Hampshire versus Middlesex 3rd September 1978.
The current issue of The Nightwatchman is largely given over to the influence that overseas players have had on domestic cricket since the summer of 1968, the season after the rules on their registration were relaxed. In the 1970s much of the excitement that followed came from West Indian cricketers who dominated on the international stage but who starred in domestic cricket as well.
Clive Lloyd, Viv Richards, Gordon Greenidge and Alvin Kallicharran had county careers that between them spanned more than 70 years, brilliant but also lasting, and apart from Roy Fredericks who by then had left Glamorgan, 10 of the West Indian team that won the inaugural World Cup in 1975 returned to play for their counties that summer, 6 of them in Sunday League fixtures the following day. Seen from 2018 the general strength of West Indian cricket in the 70s and 80s, and the loyalty of the individual players to their respective counties, put the game decades ahead of football in helping combat prejudice.
As to the Sunday League match played on the 3rd September 1978 at Dean Park, after the mid-season exit of Barry Richards, it was a game largely won by Gordon Greenidge batting about as well as at any time for his county. The strong Hants team of the 70s were on the wane, but were to claim the JPL trophy that evening as he got on top against a Middlesex team, that boasted a bowling attack of fellow Barbadian, Wayne Daniel, Mike Selvey , the ‘spin twins’ Phil Edmonds and John Emburey, and Mike Gatting. Even after 40 years it is not at all difficult to remember just how hard Gordon Greenidge hit a cricket ball, back over the bowler’s head as much as anywhere, and the general excitement, apprehension then relief that followed the ball’s trajectory after the shot, realising that someone might have to catch it, and then seeing the ball land in or sail over the hedges that surrounded the ground.
The Middlesex team that afternoon had nine players who either had or who would go on to play international cricket; although it was actually Norman ‘Smokey’ Featherstone that led the visitors’ reply, having also checked the Hants innings with the ball. Harry Pearson in his piece ‘The Journeymen’ points out just how important ‘bits and pieces’ players can be to their teams and how much appreciated they are at times by supporters as well; in the case of Norman Featherstone a career lasting a decade and more, giving ‘glue’ to a Middlesex team that was generally on the rise in the 70s.
In a separate piece titled ‘Box of Delights’, Matthew Engel recalls happy summer days past when county cricket was quite widely covered by the national press, but also by local, independently-minded journalists as well. It could fairly be said that the press box at Dean Park, to the left in ‘the cowshed’, did basics; a building shared with the scorers to the right, a store of historic equipment in the rear which also provided a place for the umpires to change in. But a way of life for those doing reports that had a certain charm to be sure, particularly then perhaps; even if, unlike their colleagues going round the nation’s racecourses, there were no telephonists to assist with dispatches.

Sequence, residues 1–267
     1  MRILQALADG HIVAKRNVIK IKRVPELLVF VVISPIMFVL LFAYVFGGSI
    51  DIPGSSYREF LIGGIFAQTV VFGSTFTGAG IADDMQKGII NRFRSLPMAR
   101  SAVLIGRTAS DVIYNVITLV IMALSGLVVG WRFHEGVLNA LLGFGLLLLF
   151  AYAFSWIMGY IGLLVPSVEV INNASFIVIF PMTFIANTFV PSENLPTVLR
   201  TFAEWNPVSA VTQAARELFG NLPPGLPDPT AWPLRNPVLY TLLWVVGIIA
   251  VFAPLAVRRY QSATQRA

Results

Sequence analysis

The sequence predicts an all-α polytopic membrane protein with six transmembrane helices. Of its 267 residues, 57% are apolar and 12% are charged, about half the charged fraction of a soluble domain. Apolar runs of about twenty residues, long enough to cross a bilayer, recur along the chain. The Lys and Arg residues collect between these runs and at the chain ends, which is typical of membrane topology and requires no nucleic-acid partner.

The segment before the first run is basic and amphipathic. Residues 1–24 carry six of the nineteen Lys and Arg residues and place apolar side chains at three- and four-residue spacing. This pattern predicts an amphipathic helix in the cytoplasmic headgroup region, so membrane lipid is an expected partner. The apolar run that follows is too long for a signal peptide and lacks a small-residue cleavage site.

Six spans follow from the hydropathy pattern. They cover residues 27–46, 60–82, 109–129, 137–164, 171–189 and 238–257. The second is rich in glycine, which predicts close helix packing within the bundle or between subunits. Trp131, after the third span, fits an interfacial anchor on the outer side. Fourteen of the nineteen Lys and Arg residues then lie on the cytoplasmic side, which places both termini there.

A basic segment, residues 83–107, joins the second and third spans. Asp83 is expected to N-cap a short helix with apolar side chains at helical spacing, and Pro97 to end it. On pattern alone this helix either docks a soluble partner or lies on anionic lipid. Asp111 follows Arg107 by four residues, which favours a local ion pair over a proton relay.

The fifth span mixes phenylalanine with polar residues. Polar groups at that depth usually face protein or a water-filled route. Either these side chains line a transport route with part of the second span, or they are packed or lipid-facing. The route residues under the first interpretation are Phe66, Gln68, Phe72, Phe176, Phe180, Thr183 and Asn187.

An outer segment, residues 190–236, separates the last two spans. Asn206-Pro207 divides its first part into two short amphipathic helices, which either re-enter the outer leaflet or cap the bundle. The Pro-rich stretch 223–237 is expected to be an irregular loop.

There were other ways, now largely forgotten, in which domestic cricket exercised its voice then; tea-time interviews given by county players and officials as a part of the Beeb’s coverage on Sundays being one of them. Twenty minutes or so once a week through the summer months; ground level views in a manner of speaking, often from pleasant settings at a time when the game was still largely viewed as a game, and batsmen who walked, such as Hampshire’s captain Richard Gilliat, won their share of trophies. In his interview that summer he expressed complete scepticism about the long-term benefits of the Packer revolution for ‘ordinary’ county cricketers, which from the vantage point of 2018 is a judgement that seems to have been largely, if not entirely, right.
Of Dean Park, Hants continued playing home fixtures there until the early 1990s after a decade in which the county of the Hambledon club began to rather lose its way off the field. If cricket is a mirror of sorts to the world beyond, the Rose Bowl, conceived in the late 80s during the excesses of the ‘Lawson Boom’, led to decades of financial strain in Southampton, as an essentially solvent cricket club making small surpluses became something rather different. Others since have added to the over-expansion of TMGs and are still counting the cost.
Hampshire 221-4, (C.G. Greenidge 122), Middlesex 195ao (N.G. Featherstone 76, T.E. Jesty 5-32).